“The only thing constant in life is change,” said 17th century French thinker François de La Rochefoucauld.
That goes for double in the tech industry.
By 2006, the people of the world were doing 100 million Google searches every day–which, by the way, we thought was an enormous number at the time.
Now, we’re doing 4.5 billion searches a day–45 times as many–which shows just how far and wide the digital revolution is still sweeping the planet and embedding itself deeper and deeper into our everyday lives.
It took radio 38 years to reach an audience of 50 million users. TV did in 13. The iPhone? Just 3.5 years. Facebook took 2 years. Two summers ago, the Pokémon Go app did it just 19 days.
But when we get down to business, the real revolution isn’t happening in internet search or media. It’s in data.
There are now 2.5 quintillion bytes of data being created every day, and 90% of all the data that exists in the world today has been created in the last two years alone. And all of that data that has been created in the past two years is more than all the data in human history before that point combined. That’s because we’re capturing, recording, and digitizing more of the human experience than ever thought imaginable–and it’s having sweeping implications for global business, personal freedom, and how we organize society.
Each month, ZDNet and TechRepublic editors from across the globe come together to do a deep dive on the most important topics that are transforming business and technology. These “special feature” packages combine Tech Pro Research surveys of our 10 million members with case studies, executive interviews, and original features from our cadre of 100 technology writers from around the world.
We’ve taken the intelligence from that monthly research and distilled it into the following list of four tech trends that are causing the most disruption in the world. These are the areas that are preoccupying the most brain cycles from technologists and business professionals, and they are the ones that are capturing the most investment from executives.A
When we think of artificial intelligence, we still tend to think of The Terminator or Ex Machina and our fear that AI and robots could someday wipe out humanity. Even tech icons like Bill Gates and Elon Musk occasionally peddle irrational tales and dire warnings.
But the biggest problem with AI today isn’t that it’s too smart. In fact, it’s too rudimentary to be much use in many cases. One of the dirty little secrets about AI and machine learning is that they are so bad at dealing with ambiguity, gray areas, and understanding the context of data that many companies are having to hire armies of human beings to do the data sorting, data cleansing, and data preparation that’s needed to feed the algorithms pristine data so that they can do their work.
From a business standpoint, AI is all about automation, prescriptive analytics, business process automation, and driving radical efficiency. That’s why the market for AI solutions is expected to reach US $47 billion by 2020. However, keep in mind that AI’s first-cousin big data–AI need big data to do massive pattern analysis and big data needs AI to process today’s massive volume of bytes–will reach over US $200 billion by 2020.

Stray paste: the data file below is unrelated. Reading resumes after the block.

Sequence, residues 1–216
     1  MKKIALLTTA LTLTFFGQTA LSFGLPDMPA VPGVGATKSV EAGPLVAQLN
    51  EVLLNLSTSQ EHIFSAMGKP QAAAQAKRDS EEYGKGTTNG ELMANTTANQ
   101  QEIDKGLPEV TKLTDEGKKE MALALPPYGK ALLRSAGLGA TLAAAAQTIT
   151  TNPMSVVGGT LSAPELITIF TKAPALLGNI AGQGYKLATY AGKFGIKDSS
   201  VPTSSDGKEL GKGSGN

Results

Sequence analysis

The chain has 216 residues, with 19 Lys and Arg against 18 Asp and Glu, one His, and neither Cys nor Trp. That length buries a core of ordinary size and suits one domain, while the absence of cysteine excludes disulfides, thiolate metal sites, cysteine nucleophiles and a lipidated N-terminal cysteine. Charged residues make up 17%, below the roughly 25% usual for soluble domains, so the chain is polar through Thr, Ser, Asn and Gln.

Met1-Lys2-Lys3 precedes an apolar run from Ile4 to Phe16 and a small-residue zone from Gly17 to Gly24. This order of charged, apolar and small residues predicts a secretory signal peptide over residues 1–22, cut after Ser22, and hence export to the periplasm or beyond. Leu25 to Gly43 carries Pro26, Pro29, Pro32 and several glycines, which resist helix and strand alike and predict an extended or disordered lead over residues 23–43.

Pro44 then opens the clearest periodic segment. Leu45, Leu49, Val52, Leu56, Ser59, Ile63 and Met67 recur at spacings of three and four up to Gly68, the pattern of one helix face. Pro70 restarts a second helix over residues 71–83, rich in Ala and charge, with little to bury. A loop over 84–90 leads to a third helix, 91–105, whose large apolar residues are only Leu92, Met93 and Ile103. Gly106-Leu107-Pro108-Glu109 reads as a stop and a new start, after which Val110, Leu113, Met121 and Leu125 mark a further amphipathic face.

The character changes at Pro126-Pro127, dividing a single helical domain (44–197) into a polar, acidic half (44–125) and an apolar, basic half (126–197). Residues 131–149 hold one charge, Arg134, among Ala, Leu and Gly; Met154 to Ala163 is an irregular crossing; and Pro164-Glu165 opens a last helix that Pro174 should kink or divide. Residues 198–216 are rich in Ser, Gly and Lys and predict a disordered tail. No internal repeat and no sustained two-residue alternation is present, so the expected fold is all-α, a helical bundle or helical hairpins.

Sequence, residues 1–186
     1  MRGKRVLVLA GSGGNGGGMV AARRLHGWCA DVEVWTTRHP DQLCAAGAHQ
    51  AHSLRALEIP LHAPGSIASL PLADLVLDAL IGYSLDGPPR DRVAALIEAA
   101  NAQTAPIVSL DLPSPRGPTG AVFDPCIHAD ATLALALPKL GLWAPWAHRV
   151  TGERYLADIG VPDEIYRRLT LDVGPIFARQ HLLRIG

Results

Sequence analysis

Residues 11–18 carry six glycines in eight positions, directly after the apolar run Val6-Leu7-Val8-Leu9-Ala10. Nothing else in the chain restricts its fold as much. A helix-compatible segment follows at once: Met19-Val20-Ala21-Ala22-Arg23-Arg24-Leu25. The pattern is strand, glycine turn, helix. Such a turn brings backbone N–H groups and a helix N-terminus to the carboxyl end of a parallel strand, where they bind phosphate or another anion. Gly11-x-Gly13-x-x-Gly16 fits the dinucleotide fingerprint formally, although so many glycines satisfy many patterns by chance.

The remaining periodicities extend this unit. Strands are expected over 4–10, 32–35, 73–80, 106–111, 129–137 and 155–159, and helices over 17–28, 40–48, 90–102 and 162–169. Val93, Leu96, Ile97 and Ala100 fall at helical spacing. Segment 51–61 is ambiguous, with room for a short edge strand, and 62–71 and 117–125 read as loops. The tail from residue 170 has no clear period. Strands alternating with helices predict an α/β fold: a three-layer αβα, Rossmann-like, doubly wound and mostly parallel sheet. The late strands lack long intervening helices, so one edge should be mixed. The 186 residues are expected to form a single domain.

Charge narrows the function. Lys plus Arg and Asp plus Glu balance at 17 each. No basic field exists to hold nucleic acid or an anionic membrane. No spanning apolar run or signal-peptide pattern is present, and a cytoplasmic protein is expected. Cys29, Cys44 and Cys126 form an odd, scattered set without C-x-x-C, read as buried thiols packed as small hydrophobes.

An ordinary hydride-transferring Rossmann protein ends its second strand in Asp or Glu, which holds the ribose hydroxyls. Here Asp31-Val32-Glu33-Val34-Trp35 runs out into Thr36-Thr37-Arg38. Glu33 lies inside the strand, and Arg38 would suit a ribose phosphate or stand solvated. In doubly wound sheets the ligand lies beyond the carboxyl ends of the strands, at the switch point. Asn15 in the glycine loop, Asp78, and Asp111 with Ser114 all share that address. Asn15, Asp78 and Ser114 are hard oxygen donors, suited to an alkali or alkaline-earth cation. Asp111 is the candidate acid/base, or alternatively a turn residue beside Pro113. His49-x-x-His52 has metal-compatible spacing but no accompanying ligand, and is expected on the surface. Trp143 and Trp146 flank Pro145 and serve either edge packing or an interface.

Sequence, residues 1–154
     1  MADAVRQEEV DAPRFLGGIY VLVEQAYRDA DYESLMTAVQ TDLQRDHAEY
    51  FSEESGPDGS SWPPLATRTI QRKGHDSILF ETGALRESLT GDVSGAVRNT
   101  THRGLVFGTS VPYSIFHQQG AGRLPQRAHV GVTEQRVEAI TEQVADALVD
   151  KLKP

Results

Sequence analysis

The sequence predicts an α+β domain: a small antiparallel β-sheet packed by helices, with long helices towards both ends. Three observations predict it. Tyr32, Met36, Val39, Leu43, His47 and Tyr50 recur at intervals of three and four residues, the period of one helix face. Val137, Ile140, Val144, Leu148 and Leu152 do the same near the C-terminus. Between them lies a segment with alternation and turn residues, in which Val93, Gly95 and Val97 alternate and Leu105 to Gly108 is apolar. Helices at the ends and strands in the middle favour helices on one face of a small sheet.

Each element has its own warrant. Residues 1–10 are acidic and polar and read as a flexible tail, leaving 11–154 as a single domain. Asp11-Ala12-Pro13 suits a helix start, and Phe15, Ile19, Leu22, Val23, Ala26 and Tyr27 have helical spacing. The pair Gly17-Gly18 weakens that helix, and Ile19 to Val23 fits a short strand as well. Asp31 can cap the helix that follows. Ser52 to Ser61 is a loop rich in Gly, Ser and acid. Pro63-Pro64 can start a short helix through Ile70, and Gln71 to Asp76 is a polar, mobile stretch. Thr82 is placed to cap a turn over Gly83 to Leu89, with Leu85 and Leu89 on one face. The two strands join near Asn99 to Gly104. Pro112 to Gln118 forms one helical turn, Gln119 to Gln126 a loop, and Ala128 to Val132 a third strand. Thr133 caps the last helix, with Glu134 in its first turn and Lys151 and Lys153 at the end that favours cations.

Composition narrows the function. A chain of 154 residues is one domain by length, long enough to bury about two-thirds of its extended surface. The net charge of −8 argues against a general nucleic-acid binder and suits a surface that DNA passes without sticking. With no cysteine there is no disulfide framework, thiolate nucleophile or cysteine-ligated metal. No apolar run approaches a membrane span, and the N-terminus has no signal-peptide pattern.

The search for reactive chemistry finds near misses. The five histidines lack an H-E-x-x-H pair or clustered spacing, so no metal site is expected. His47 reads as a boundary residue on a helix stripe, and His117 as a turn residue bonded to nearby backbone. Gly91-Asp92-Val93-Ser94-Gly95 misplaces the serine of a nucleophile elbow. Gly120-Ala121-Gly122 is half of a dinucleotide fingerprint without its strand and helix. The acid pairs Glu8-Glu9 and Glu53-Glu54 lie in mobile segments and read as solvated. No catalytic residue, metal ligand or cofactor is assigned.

That helps put in perspective the fact that AI is still very nascent as business solution. Nevertheless, the best way to get your startup funded is to call it an AI startup–whether you’re delivering dog food, building a selfie drone, or creating an app to organize your calendar.
If you read the tech headlines every day–from both ZDNet and across the web–than the topic that often sucks all the oxygen out of the room is cybersecurity. Whether it’s the latest breach of a company or government agency, a new vulnerability in a piece or popular software, or a lax security practice from a company that should have known better, there are moments every day where we can’t help but shake our heads at the sad state of cybersecurity.
The problem is that the technology industry has been so focused on innovation for the past several decades that security has too often been an afterthought. While that has improved somewhat in the last several years and many companies are now designing products that are more secure by design, the stuff that attackers target is not usually the latest and greatest but the outdated products that make easy targets. That’s why the problem is likely to get worse before it gets better. We still have a lot of cybersecurity debts that need to be paid.
For most of its history, the tech revolution has been about outwardly apparent things like computers, smartphones, and digital cameras. However, today it’s about technology disappearing into everything–from cars to home appliances to drones to stop lights to security cameras to entire cities. That’s the Internet of Things.
And while the Internet of Things brings new lots of new capabilities to lots of different objects, it’s primarily about sensors collecting data, which is allowing us to measure and quantify things in ways that were never possible before. And once we can measure and monitor things then we can manage them. We can find inefficiencies that we didn’t know existed and optimize them away.
It’s the buzz phrase that’s arguably bouncing around businesses and the tech industry more than any other this year. Nevertheless, while the other three items on this list are all technologies, this one is not.
It’s simply about telling better stories.
The enterprise has been talking about better IT-business alignment for decades, which is evidence that it never quite sunk in. Digital transformation has finally become the catalyst–and the rallying cry–that’s making it happen. IT leaders are using it to lead with the business impact of tech projects in ways that everyone in the organization can understand.